J/MNRAS/414/2602Automated classification of HIP variables (Dubath+, 2011)

Random forest automated supervised classification of Hipparcos periodic variable stars. Dubath P., Rimoldini L., Suveges M., Blomme J., Lopez M., Sarro L.M., De Ridder J., Cuypers J., Guy L., Lecoeur I., Nienartowicz K., Jan A., Beck M., Mowlavi N., De Cat P., Lebzelter T., Eyer L. <Mon. Not. R. Astron. Soc., 414, 2602-2617 (2011)> =2011MNRAS.414.2602DADC_Keywords: Models ; Stars, variable ; MK spectral classificationKeywords: methods: data analysis - methods: statistical - techniques: photometric - catalogues - stars: variables: generalAbstract: We present an evaluation of the performance of an automated classification of the Hipparcos periodic variable stars into 26 types. The sub-sample with the most reliable variability types available in the literature is used to train supervised algorithms to characterize the type dependencies on a number of attributes. The most useful attributes evaluated with the random forest methodology include, in decreasing order of importance, the period, the amplitude, the V-I colour index, the absolute magnitude, the residual around the folded light-curve model, the magnitude distribution skewness and the amplitude of the second harmonic of the Fourier series model relative to that of the fundamental frequency.File Summary:

FileName Lrecl Records Explanations

ReadMe 80 . This file table3.dat 110 1661 The Hipparcos training set star list with literature types and attribute values table4.dat 110 882 Results obtained for the Hipparcos stars excluded from the training set

See also: I/239 : The Hipparcos and Tycho Catalogues (ESA 1997)Byte-by-byte Description of file: table[34].dat

Bytes Format Units Label Explanations

1- 6 I6 --- HIP HIP number 8- 15 A8 --- Type Type of variable 17- 23 A7 ---- PType Predicted type (only in table4) 25- 31 F7.4 [d] logP Period extracted with the Lomb-Scargle method [Log(Period)] 33- 37 F5.2 [---] logA Amplitude of the light-curve model [Log(Amplitude)] 39- 43 F5.2 mag V-I Mean V-I colour index [V-I] 45- 50 F6.2 mag Mhip Hipparcos absolute magnitude derived from the parallaxes neglecting interstellar absorption [M_{Hipparcos}] (1) 52- 56 F5.2 --- res/raw Median absolute of the residuals (obtained by subtracting model values from the raw light curve) divided by the Median Absolute Deviation (MAD) of the raw light-curve values around the median [Scatter:res/raw] 58- 62 F5.2 --- Skew Unbiased weighted skewness of the magnitude distribution [Skewness] 64- 68 F5.2 [-] log(1+A2/A1) Amplitude ratio between the second harmonic and the fundamental (plus one, to avoid negative values) [Log(1+A2/A1)] 70- 74 F5.2 --- P2p/2P Sum of the squares of the magnitude differences between pairs of successive data points in the light curve folded around twice the period divided by the same quantity derived from the raw light curve [P2p scatter:2P/raw] 76- 80 F5.2 --- P2p Median of the absolute values of the differences between successive magnitudes in the raw light curve normalized by the MAD around the median [P2p_scatter] 82- 86 F5.2 --- P90 The 90th percentile of the absolute residual values around the 2P model divided by the same quantity for the residuals around the P model. The 2P model is a model recomputed using twice the period value [Percentile90:2P/P] 88- 92 F5.2 % Res Mean of the squared residuals around the model [Residual_scatter] 94- 98 F5.2 rad Phase2 Phase of the second harmonic after setting the phase of the fundamental to zero [Phase2] (2) 100-104 F5.2 --- P2P/P Median of the absolute values of the differences between successive magnitudes in the folded light curve normalized by the MAD around the median of the raw light curve [P2p_scatter:P/raw] 106-110 F5.2 --- Slope Sum of the square of the slopes of lines joining the data points before and after a number of selected outliers towards faint magnitude (e.g., data points during eclipses) [P2p_slope] (3)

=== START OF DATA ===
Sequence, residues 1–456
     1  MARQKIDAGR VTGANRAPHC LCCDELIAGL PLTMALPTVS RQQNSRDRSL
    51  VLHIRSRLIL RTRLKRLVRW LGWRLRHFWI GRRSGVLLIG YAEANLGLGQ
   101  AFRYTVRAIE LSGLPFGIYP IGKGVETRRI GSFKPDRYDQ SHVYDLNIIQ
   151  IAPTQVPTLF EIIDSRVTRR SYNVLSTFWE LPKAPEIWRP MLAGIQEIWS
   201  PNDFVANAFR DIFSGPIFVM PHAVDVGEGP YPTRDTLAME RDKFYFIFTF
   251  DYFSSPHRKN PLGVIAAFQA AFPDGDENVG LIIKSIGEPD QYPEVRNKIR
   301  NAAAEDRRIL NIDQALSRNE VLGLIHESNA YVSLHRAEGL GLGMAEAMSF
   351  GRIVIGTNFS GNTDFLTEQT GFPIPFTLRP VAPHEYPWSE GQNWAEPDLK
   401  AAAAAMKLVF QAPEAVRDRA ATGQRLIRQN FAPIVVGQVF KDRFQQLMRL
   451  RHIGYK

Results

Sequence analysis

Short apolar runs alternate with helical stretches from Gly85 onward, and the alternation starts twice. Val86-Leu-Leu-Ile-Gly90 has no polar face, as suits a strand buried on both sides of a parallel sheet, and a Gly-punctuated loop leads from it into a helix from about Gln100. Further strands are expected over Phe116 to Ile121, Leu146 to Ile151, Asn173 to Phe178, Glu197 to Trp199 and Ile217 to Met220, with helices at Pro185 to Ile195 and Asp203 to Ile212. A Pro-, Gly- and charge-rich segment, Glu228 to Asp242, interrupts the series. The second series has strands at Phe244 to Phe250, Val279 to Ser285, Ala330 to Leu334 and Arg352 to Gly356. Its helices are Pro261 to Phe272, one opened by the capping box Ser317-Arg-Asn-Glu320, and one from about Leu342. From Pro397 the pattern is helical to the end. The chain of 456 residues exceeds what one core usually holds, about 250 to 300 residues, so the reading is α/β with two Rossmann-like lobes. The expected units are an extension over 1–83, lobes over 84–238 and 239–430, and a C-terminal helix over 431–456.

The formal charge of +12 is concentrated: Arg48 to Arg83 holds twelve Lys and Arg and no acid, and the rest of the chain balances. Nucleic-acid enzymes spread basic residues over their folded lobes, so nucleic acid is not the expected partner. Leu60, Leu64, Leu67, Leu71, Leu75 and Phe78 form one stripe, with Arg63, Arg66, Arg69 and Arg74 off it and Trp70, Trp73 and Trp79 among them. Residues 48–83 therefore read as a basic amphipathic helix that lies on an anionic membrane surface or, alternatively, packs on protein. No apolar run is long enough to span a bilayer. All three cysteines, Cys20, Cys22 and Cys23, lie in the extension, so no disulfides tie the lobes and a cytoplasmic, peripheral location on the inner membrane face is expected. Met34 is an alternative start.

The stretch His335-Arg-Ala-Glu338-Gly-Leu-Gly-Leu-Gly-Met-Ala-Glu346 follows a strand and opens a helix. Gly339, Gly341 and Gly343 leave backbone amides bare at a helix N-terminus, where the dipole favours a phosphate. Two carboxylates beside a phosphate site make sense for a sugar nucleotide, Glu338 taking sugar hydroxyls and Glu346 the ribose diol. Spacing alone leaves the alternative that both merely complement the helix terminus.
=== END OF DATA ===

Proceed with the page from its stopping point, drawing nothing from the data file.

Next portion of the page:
Note (1): Because of measurement uncertainties, some stars have negative parallax values. Each of these values is replaced by a positive value taken randomly from a Gaussian distribution with zero mean and a standard deviation equal to the measurement uncertainty. In many cases, the derived absolute magnitudes represent lower limits as the parallax measurements are not significant.Note (2): by an appropriate transformation Phase2=arctan(sin(φ_{2}-2φ_{1}),cos(φ_{2}-2φ_{1})) (Debosscher et al., 2007, Cat. J/A+A/475/1159).Note (3): This is set to zero if there are no such outliers in the light curve.

History: From electronic version of the journal(End)Patricia Vannier [CDS] 17-Feb-2012

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